Degree Granting Department
John J. Walsh, Ph.D.
Marine ecology, Diatoms, Numerical modeling, Nutrient cycles, Phytoplankton
In some continental shelf sediments integrated benthic microalgal biomass is greater than the integrated phytoplankton biomass in the overlying water column. In addition, benthic microalgae may account for up to 10% of the primary production responsible for the coastal fishery yield of the eastern United States. A three-dimensional model of the eastern Gulf of Mexico examines the effects of water-column nutrient sources on the growth of benthic microalgae. To parameterize the exchange of nutrients across the sediment/water interface in these permeable sediments, a non-local exchange submodel was constructed and tested within the framework of the model's grid. Based on the results of the three dimensional simulations, the growth of benthic microalgae from water-column nutrients is highly dependent on the light limitation of overlying phytoplankton. When light is available to phytoplankton in high enough quantities, water-column nutrients are used up before reaching the sediments. When the overlying phytoplankton are light limited, nutrients are able to reach the sediments where the shade adapted benthic microalgae can grow.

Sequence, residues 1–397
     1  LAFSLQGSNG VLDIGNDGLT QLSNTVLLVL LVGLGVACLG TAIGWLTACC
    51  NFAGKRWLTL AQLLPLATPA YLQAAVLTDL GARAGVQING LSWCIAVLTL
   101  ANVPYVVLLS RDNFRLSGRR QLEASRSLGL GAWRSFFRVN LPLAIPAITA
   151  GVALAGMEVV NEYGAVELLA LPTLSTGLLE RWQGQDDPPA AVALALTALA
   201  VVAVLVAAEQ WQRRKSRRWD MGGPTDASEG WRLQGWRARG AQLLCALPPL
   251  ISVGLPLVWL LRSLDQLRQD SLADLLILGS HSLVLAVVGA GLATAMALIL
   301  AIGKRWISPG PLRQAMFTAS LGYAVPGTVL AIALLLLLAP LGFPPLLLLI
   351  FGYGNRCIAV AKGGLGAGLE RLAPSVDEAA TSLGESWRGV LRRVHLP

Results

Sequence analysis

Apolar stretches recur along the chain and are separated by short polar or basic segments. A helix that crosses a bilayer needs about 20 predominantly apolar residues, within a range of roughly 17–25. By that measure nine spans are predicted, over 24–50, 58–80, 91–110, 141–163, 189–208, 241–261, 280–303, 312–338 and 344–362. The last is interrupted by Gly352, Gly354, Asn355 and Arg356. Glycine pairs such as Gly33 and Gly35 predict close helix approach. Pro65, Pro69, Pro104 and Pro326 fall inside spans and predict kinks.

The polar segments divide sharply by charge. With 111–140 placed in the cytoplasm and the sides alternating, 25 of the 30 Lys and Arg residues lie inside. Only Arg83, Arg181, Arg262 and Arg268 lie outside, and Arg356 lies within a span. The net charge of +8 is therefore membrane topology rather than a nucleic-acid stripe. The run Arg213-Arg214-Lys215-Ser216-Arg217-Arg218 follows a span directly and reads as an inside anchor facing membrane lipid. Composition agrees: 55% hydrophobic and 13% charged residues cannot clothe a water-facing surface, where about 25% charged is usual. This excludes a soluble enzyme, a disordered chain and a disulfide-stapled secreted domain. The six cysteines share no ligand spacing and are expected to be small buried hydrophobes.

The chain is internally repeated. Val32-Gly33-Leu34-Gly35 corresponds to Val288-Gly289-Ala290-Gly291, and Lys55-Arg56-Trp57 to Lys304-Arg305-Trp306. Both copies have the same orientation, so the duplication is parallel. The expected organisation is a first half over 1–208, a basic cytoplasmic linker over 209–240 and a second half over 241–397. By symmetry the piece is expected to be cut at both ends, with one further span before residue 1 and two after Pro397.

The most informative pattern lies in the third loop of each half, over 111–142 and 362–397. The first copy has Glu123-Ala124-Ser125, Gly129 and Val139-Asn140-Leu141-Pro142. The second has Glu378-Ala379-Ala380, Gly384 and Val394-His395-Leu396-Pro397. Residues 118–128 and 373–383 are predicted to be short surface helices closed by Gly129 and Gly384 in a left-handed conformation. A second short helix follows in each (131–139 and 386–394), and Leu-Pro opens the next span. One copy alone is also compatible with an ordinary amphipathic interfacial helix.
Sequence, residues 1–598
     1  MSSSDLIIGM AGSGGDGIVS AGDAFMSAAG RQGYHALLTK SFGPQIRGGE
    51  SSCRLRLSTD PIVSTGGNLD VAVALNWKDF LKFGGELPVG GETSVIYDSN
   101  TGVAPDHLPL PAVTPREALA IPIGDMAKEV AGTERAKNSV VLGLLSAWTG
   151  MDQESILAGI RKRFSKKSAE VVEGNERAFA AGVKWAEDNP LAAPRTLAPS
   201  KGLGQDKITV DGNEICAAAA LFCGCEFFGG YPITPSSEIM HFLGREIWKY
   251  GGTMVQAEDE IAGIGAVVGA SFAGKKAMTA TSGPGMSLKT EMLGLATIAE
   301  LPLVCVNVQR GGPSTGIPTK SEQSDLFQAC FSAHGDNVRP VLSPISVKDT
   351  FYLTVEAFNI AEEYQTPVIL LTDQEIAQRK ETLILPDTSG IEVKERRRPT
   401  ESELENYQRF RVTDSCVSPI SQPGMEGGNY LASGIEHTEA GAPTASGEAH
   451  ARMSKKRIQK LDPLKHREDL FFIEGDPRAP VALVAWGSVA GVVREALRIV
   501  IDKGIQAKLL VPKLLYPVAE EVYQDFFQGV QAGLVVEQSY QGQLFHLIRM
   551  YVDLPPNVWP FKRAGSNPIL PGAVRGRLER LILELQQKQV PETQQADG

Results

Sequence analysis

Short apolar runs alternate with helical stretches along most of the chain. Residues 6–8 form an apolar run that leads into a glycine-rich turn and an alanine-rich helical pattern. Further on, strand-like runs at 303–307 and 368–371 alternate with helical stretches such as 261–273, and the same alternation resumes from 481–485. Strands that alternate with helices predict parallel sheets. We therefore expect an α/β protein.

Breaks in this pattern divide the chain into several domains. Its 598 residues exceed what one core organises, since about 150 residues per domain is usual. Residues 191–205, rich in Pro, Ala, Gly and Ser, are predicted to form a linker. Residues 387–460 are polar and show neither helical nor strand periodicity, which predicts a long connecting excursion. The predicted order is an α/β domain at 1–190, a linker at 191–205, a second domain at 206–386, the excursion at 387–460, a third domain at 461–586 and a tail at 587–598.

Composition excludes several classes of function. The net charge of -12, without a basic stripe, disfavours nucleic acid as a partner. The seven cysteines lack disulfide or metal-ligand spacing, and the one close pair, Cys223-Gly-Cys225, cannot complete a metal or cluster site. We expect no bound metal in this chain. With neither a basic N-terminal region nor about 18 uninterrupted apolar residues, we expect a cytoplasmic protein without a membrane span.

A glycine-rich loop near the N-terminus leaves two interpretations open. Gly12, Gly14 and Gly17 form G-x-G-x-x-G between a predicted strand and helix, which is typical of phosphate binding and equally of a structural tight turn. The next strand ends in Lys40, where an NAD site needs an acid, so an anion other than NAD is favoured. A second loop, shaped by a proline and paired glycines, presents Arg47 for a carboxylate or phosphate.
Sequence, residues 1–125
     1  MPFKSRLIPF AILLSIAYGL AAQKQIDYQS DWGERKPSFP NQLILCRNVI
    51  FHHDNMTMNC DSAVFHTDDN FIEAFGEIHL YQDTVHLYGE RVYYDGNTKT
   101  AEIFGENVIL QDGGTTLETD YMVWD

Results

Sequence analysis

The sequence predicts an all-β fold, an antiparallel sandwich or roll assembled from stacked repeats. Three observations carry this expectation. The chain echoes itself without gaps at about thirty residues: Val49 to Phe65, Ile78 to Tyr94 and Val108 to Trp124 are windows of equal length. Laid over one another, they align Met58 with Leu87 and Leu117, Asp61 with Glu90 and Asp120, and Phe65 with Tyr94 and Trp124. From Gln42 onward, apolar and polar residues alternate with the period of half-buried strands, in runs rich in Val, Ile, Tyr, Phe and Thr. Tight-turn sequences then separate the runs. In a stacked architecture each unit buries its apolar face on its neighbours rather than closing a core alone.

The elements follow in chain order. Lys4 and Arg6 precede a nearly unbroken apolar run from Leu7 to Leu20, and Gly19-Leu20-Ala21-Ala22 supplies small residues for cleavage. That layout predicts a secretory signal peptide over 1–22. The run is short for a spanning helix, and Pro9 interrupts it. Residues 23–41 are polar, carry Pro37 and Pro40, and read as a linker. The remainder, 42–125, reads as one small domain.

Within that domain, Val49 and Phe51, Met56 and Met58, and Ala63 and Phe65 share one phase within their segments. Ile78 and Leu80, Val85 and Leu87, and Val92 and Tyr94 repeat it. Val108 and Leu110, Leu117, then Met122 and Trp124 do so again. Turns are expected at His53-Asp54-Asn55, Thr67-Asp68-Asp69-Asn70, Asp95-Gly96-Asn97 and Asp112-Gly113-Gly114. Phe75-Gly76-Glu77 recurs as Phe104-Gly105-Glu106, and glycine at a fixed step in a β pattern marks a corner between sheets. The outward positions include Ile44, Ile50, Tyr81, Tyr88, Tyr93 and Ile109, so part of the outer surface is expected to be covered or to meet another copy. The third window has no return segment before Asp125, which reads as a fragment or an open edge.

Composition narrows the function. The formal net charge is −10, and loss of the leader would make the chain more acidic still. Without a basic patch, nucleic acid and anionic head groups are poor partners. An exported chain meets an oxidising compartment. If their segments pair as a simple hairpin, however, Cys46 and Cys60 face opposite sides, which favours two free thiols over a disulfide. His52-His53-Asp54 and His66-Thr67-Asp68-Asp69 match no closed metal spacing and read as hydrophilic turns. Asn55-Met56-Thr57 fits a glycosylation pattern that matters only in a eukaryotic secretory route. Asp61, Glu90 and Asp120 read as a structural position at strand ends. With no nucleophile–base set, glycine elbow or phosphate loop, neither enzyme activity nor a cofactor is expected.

Scholar Commons Citation
Darrow, Brian P., "Effects of nutrients from the water column on the growth of benthic microalgae in permeable sediments" (2008). Graduate Theses and Dissertations.